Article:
Friday, February 10, 2006

Reply to a comment

(This post is a response to Nomaadic, the writer of a blog that I have been following for a short time. See the previous post for background.)

Again, thanks for visiting. I began a response in the comments but my train of thought got too long. I have decided to write a post instead.

When you say there is hope in what you have written, I have to accept that because it comes from you, the writer. Every line in that last paragraph still strikes me as an unambiguous expectation of conflict with no glimmer of hope that such a conflict is avoidable. I am now reading into your words the idea that hope is still alive.

I like what you said about empathy. It is certainly true that empathy leads to hope, but it is almost humanly impossible for empathy to rise in the heart of someone whose life has been devastated by some horrible circumstance set in motion by the responsible party.

I'm thinking of the survivors of apartheid in South Africa as they face their former tormentors in TRC proceedings. Or the image of a child screaming and crying in desparate panic, splattered with her mother's blood, following the mistaken shooting of family members by US forces in Iraq.

There is another civilized discipline preceding empathy, because in many cases empathy will never come. That discipline is simply tolerance. Empathy tries to respond, but tolerance only endures, hopefully until some less corrosive inner light can soften the heart of the practitioner.
I think that the notion of "threat" is important. It is important to discern the difference between threat and insult. They are not the same. One calls for a response. The other does not.

The most hopeful form of tolerance is internal, self-imposed by the individual who is being tolerant. Absent that, externally-imposed tolerance is all that remains. This is where leadership is needed. My only experience with this application of tolerance comes from the American civil rights movement of my youth. I won't bore you with details. As an educated person you may know more than I about that subject. In terms of tolerance, that movement can be seen as a footnote to an even bloodier conflict that took place a century before, but as it was it still stands to illustrate the principle of de jure tolerance, put in place by leaders who knew well that their constituents would not otherwise cooperate.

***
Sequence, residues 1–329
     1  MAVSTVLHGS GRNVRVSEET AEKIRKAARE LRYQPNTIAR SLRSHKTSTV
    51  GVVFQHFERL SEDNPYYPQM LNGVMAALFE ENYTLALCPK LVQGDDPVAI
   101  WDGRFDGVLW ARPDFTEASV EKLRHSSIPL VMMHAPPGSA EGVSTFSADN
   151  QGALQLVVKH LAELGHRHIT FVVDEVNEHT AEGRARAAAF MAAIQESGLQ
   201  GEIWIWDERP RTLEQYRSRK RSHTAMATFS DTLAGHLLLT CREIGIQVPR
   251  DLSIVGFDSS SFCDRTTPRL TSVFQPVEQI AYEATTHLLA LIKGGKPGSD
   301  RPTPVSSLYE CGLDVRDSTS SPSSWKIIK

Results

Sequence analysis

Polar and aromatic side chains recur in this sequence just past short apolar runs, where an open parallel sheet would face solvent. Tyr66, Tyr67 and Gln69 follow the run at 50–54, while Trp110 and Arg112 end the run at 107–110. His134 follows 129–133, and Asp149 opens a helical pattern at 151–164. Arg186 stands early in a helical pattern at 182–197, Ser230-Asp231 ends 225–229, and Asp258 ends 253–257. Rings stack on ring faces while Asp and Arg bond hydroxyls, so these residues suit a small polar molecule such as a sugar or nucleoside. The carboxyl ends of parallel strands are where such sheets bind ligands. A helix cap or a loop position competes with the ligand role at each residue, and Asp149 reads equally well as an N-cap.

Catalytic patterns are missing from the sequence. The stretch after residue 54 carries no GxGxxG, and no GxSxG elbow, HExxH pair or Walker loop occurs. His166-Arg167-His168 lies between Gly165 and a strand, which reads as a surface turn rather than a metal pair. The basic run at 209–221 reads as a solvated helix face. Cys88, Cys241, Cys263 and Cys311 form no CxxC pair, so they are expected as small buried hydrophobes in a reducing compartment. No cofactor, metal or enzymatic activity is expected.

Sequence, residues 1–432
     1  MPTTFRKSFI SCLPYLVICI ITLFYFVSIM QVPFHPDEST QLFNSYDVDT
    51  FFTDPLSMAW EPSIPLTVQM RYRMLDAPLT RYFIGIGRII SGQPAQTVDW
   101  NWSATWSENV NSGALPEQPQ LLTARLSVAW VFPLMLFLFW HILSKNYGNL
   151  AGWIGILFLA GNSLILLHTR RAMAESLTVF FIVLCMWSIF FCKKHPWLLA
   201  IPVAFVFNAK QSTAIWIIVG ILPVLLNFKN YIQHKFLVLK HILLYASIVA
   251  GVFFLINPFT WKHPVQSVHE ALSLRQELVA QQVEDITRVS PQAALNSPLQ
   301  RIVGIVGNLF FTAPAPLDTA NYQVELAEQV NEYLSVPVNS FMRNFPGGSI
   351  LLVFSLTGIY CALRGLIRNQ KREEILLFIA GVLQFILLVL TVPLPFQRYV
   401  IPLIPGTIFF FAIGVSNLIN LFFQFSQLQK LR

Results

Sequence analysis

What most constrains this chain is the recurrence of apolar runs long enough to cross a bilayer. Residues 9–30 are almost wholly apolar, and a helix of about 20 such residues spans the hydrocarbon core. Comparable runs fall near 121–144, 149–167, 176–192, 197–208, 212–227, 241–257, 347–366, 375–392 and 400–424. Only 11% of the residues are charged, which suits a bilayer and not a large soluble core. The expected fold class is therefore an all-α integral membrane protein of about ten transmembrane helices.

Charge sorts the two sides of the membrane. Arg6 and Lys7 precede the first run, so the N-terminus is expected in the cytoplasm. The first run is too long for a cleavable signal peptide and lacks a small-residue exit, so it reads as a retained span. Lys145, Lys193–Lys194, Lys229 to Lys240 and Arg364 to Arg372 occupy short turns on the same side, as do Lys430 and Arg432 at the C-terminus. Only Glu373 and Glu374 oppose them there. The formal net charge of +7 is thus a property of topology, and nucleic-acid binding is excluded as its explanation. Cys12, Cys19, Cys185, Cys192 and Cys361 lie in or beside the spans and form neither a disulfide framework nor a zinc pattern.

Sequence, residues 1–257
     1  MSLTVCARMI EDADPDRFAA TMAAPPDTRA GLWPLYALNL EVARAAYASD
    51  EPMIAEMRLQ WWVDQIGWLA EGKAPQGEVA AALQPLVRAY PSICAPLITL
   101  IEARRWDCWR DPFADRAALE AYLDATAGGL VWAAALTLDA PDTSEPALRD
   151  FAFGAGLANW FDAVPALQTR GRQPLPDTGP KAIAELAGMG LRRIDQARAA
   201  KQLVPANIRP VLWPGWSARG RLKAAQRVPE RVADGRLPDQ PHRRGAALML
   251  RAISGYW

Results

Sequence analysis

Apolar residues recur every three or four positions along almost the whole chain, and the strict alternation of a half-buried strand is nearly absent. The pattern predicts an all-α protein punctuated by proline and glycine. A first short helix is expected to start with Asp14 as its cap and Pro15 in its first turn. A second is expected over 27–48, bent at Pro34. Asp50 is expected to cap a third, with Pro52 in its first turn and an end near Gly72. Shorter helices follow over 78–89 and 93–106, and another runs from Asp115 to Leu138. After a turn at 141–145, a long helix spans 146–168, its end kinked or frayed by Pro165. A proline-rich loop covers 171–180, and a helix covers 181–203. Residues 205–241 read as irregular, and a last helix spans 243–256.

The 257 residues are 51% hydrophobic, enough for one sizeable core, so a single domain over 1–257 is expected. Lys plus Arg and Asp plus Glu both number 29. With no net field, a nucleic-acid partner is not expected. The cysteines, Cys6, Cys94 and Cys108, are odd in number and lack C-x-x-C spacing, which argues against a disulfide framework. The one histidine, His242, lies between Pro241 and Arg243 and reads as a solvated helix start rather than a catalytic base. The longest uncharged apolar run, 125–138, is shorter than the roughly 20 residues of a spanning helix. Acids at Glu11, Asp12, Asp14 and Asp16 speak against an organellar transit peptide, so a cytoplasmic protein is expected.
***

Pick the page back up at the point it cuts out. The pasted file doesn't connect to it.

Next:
It has taken decades for fruit to grow from those seeds. And even now, some of the fruit is vile. The vision of social and political equality between all people is still just that -- a vision. But as long as that vision remains, there is hope. My generation will pass, and others after me, but I will go with the sure conviction that I did all in my power to insure that the vision did not fade because of anything I did.

Today the need for clear-thinking, disciplined leadership is great. I am watching with frustration as those who claim the mantle of leadership engage in vituperative, sarcastic tones of indignation, prating about free speech and insults, while at the same time using the inflammatory rhetoric of their ignorant constituents.** While framing discussions in ways that insure escallating conflict they pose as peacemakers. The few voices that speak plainly in favor of decency are quickly marginalized by insults about "caving in" or "kowtowing." It is hard to know the facts, but the same dynamic seems to be at work on both sides of the cartoons argument.

**[22] Afterward it was not enough for them to err about the knowledge of God, but they live in great strife due to ignorance, and they call such great evils peace.
Refer to Wisdom of Solomon 14:22

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